"Not that either this journal or the mentioned authors are in any way at fault; two basic facts explain the oversight. First, even the music theorist must acknowledge the obscurity of the field as a whole in present-day academia. While most readers could no doubt lend a somewhat informed voice to a discussion on the topic of special creation vs. "blind-watchmaker" evolution or the status of truth as either absolute or relative, and while the names Aristotle and Kant, Newton and Einstein, Dewey and Piaget, Gibbon and Toynbee, Derrida and Foucault, and Lewis, Plantinga, Noll, Marsden, and Moreland are familiar to this readership, the ideas and even the names of the greatest music theorists of history--for instance, Guido of Arezzo, Gioseffo Zarlino, Jean Rameau, Heinrich Schenker, and Allen Forte--are less known, much less the nature of the debate between Christian and secular music theory. And here we reach the second explanatory fact. Readers do not know of any debate between Christian and secular music theory because no debate exists, and no debate exists because virtually no Christian music theory is being done today."

It is my belief that because virtually no Christian scholarship is being done in the field of music, there is likewise a stunted, limited understanding of how music relates to worship. Many are ready and eager to evaluate music based on the quality of the lyrics, but what about the music itself? And what about all the music that is not song? We have no idea how to evaluate the music itself, because no one has shown us how. Thus, we continue to employ theologically shallow (or even erroneous) music in our churches, without having the least idea of what it is that we are hearing.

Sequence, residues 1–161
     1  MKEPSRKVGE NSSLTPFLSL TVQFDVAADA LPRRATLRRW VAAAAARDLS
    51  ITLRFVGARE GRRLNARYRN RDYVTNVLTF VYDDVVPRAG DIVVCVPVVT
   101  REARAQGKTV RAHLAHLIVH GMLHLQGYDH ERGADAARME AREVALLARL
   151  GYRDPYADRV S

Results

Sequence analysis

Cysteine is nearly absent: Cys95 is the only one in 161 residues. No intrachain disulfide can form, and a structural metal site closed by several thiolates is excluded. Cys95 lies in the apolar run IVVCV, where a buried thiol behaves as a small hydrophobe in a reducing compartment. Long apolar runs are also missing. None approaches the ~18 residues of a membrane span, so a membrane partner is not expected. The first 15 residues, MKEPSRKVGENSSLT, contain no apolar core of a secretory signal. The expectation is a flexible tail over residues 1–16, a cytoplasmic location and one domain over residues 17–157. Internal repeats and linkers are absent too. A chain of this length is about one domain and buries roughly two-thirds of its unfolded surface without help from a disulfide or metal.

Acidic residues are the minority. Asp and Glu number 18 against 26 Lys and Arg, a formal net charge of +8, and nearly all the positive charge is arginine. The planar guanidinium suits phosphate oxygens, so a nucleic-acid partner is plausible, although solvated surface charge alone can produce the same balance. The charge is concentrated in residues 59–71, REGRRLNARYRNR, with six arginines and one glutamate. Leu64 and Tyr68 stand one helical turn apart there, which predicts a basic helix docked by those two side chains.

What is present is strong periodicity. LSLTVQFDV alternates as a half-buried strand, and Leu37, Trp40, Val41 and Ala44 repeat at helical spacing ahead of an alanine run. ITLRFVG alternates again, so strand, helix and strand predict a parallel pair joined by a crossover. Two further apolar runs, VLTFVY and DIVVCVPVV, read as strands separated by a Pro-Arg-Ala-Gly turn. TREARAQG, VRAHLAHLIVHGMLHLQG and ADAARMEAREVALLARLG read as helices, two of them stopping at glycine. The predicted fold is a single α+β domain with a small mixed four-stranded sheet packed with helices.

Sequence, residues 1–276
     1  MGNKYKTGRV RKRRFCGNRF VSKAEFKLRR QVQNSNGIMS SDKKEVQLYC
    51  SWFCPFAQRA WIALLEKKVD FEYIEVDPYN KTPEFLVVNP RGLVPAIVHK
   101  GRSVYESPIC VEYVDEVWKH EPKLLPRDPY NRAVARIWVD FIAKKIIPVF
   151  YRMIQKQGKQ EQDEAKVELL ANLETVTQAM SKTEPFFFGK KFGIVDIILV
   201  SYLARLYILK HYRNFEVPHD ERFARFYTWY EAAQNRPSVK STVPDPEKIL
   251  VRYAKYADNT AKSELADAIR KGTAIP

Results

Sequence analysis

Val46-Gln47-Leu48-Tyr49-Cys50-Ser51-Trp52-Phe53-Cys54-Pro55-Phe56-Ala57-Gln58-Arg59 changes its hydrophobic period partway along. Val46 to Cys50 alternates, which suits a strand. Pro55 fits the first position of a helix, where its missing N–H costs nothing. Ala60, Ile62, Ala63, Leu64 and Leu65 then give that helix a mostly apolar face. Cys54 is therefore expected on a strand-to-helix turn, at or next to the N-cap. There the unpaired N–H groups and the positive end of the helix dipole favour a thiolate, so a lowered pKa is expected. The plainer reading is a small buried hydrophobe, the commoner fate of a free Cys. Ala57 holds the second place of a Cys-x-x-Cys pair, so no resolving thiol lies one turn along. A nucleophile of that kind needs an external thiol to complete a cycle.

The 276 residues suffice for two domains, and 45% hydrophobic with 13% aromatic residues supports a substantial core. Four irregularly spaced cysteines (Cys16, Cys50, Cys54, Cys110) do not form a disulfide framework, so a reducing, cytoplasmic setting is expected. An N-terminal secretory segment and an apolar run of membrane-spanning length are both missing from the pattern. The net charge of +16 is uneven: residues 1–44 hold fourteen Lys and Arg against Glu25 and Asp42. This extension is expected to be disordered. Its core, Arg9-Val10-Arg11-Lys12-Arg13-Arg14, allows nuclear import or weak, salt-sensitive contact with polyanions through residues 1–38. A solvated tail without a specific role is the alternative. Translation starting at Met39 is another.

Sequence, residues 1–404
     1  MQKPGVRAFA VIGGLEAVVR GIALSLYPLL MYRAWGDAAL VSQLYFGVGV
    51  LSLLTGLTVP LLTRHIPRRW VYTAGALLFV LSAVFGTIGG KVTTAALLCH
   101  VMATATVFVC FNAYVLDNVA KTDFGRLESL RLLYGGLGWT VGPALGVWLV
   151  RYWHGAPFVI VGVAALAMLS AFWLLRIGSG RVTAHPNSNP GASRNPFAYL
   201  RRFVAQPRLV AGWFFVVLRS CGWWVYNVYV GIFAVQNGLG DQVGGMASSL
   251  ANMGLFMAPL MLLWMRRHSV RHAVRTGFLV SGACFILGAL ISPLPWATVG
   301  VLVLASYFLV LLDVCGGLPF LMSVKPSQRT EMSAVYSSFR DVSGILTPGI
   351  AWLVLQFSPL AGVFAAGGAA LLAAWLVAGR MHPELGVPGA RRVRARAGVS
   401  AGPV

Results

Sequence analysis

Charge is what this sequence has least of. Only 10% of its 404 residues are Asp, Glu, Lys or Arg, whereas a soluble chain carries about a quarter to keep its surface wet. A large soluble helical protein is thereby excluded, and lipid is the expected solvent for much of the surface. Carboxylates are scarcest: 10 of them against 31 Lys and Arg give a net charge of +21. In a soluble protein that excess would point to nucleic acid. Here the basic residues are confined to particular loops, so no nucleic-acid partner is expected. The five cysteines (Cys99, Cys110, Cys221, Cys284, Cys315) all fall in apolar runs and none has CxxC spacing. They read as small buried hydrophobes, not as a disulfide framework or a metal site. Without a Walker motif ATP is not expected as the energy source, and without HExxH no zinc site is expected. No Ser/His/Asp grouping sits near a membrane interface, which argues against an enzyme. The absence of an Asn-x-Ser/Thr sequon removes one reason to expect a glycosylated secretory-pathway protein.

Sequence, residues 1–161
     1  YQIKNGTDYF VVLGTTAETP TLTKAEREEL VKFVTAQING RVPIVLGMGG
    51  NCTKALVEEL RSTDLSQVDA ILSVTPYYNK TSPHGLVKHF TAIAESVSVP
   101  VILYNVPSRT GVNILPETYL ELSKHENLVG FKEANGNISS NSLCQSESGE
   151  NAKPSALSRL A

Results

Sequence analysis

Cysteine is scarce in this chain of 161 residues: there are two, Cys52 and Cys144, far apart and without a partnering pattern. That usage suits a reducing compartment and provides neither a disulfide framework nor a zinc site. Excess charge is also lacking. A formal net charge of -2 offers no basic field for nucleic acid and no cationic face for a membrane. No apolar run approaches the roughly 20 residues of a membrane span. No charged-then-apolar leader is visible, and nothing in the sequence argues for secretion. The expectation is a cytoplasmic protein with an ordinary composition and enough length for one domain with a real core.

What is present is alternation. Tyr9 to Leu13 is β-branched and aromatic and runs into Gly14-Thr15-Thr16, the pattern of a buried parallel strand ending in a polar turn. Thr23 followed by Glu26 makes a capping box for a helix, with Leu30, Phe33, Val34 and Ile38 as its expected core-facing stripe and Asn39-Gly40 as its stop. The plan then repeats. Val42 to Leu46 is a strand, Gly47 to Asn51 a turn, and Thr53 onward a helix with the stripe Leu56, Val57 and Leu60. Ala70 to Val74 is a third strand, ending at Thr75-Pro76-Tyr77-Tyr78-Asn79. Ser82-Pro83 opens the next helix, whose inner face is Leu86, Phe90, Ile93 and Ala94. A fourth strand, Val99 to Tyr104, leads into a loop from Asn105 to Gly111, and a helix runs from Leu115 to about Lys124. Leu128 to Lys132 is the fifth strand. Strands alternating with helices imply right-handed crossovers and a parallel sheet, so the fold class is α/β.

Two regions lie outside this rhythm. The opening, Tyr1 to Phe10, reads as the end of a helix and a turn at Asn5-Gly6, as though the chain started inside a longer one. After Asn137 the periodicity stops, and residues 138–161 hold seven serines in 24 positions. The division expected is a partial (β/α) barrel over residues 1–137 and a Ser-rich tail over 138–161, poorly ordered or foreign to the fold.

Clearly, something needs to be done.


catching up

- Kansas City was a blast. We did not get to the art museum, but no matter. We saw Murray Perahia and he blew our minds. I sent an extremely long email to Hannah about the concert, but I will spare you the music-geekiness. Suffice it to say that I have never before been so inspired as a musician as I was that night.

- No, I haven't heard anything from the grad schools yet. Applications in and auditions complete for UT and Belmont University (in Nashville). I've nothing left to do but to wait.

- I am so excited that Spring is here! I've been cleaning and redecorating my house, and that makes me a happy camper. Now I am ready for some visitors. Who wants to be my house guest?

- Tonight is very important, because tonight is the LOST episode where we finally find out how John Locke became paralyzed. I think he's the one who is going to get killed off this year. Given his erratic behavior of late and that the writers are apparently wrapping up his back-story tonight, he seems a good choice for elimination. Besides, I think they've been far too insistent about Charlie's impending doom for it to actually be him. Thoughts?